Research by HSBC has revealed that Australians have a 13-year shortfall in their retirement savings. Among the 15 countries surveyed, this gap is the fourth worst in the world.
HSBC’s Future of Retirement research surveyed 16,000 people in 15 countries, with 1000 respondents in Australia. Respondents included those of working age and in retirement.
There are many general reasons for the anticipated savings shortfall. Firstly, most of us will live longer than our parents – good news indeed – so these are extra years we need to fund. As our compulsory superannuation was only introduced in 1993, older Australians – e.g. those closer to retirement – have not had the benefit of decades of extra savings that are necessary to achieve a reasonable nest egg for retirement.
The reasons offered by pre-retirees in the HSBC report on why they were not preparing adequately for a comfortable retirement are:
- they did not start early enough,
- they were not earning enough,
- they did not know how much they needed to save,
- they were paying off a mortgage or
- they were paying off other debts.
The report also found that more Australians than any other nationality (16 per cent compared with 10 per cent global average) believe that they will never be able to fully retire.
Graham Heunis, Head of Retail Banking and Wealth Management for HSBC in Australia, said: “When you consider wage growth in Australia has slowed to 2.6 per cent p.a. (the lowest rate of growth since 1981) it’s unsurprising Australians are struggling to afford retirement… Australians are in denial about retirement planning. Being concerned is not enough – the next generation needs to take action and start saving now.”
Perhaps the most telling point revealed by the research concerns debt, with the warning
“The burden of repaying mortgages and other debts is a relatively new barrier to retirement saving. More than two in five (46 per cent) pre-retirees are not adequately preparing for a comfortable retirement due to paying off their mortgage and/or other debts, compared with just 22 per cent of retirees.”
Read the full report – and try the survey yourself.
For those already in retirement, the findings of the HSBC Future of Retirement report are unsurprising. For many older Australians, the retirement shortfall is an everyday reality.
So how do we help those in retirement lead a more comfortable life? And how do those approaching retirement learn the lessons of those who have gone ahead? These are the real questions raised by the HSBC report and in it are some answers.
First let’s start with the things we can and can’t control. Australia has a three-pillar retirement income system, with a means-tested Age Pension, a mandatory superannuation system and, hopefully for most, private savings. There are certain factors which influence our retirement income and some of those are not within our personal control. The rate of the Age Pension is not within our own control and currently the indexation rate of Age Pension increases and the age at which an Age Pension may be accessed are under threat. As advocates for the rights of older Australians, YOURLifeChoices has partnered with GetUp to prevent cuts to the pension becoming law – read more about these proposed changes here – and if you agree this is bad legislation, sign our petition.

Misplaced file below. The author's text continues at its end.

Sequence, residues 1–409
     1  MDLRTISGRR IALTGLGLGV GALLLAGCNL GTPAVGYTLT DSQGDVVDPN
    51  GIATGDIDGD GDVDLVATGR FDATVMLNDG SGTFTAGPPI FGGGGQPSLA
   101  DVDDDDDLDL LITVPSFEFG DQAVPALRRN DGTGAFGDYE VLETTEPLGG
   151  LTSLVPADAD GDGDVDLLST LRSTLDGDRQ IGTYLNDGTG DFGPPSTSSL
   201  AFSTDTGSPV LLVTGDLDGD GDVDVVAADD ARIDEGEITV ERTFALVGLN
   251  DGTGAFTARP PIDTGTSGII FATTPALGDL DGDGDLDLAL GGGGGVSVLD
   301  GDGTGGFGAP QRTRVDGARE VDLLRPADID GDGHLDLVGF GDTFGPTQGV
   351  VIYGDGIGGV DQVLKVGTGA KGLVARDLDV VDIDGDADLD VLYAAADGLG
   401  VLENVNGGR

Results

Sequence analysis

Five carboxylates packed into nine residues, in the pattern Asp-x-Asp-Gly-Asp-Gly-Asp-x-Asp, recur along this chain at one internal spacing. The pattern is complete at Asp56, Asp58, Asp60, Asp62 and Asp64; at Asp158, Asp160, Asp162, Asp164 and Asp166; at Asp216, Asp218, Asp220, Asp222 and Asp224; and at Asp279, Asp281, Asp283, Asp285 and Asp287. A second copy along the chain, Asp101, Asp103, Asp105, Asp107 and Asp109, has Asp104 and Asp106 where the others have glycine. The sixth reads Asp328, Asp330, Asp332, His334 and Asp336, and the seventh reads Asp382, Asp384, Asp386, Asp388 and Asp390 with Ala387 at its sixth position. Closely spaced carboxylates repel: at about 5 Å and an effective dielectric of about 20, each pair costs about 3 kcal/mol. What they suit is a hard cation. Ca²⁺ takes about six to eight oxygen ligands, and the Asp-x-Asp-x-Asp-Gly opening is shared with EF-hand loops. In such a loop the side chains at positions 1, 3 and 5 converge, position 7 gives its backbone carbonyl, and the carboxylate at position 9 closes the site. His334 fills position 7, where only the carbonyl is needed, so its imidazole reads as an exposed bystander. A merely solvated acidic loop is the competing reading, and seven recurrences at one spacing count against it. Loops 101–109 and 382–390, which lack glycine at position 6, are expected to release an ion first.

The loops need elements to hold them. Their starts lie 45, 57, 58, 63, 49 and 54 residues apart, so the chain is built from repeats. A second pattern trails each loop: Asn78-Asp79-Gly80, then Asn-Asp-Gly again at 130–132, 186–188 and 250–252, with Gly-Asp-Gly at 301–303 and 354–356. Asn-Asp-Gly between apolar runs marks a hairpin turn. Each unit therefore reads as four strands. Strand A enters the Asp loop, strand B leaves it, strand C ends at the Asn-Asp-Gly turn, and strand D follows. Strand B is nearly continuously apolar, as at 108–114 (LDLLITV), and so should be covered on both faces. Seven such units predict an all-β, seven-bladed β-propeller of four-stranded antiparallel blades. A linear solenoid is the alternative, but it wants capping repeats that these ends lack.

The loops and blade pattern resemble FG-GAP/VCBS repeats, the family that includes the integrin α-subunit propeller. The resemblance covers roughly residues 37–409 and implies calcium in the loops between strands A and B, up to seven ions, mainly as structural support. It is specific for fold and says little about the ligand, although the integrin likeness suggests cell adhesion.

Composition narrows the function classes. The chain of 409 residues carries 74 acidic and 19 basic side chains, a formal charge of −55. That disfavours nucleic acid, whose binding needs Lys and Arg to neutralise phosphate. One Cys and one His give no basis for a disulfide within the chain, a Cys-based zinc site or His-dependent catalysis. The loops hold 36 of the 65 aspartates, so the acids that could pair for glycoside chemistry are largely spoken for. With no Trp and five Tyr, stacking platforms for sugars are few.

As mentioned above, many older Australians simply haven’t had the necessary time in the compulsory superannuation system to create sufficient savings to support a long and comfortable retirement. Added to this are the very real factors of low wages, fragmented work histories, time out to raise families and the need to pay down debt. Increases in the cost of living are another factor reported by many respondents.
Sadly, all these factors are combining to create a ‘perfect storm’ with a huge retirement savings shortfall. But some of this shortfall is not inevitable – and can be avoided by those prepared to act decisively. With 38 per cent of respondents already in retirement saying that they did not start saving early enough, the message to the rest of us is clear. We do need to make a bigger effort to pay down our mortgages before leaving full-time work. We do need to address other debt – particularly the dreaded credit card bills. If we can’t pay this off within the month, then we are spending beyond our means. And more importantly, how many of us who are still working full time have a household budget – and actually live within it?
It’s too easy to start the blame game when retirement funding comes up. Our system provides a meagre pension for those with little in the way of assets. For those yet to retire, this report is a wakeup call that life on the pension is likely to be long and hard – so start saving now.
What do you think? Is Australia’s 13-year retirement funding gap a surprise to you? How can you avoid it? Or is it already too late?
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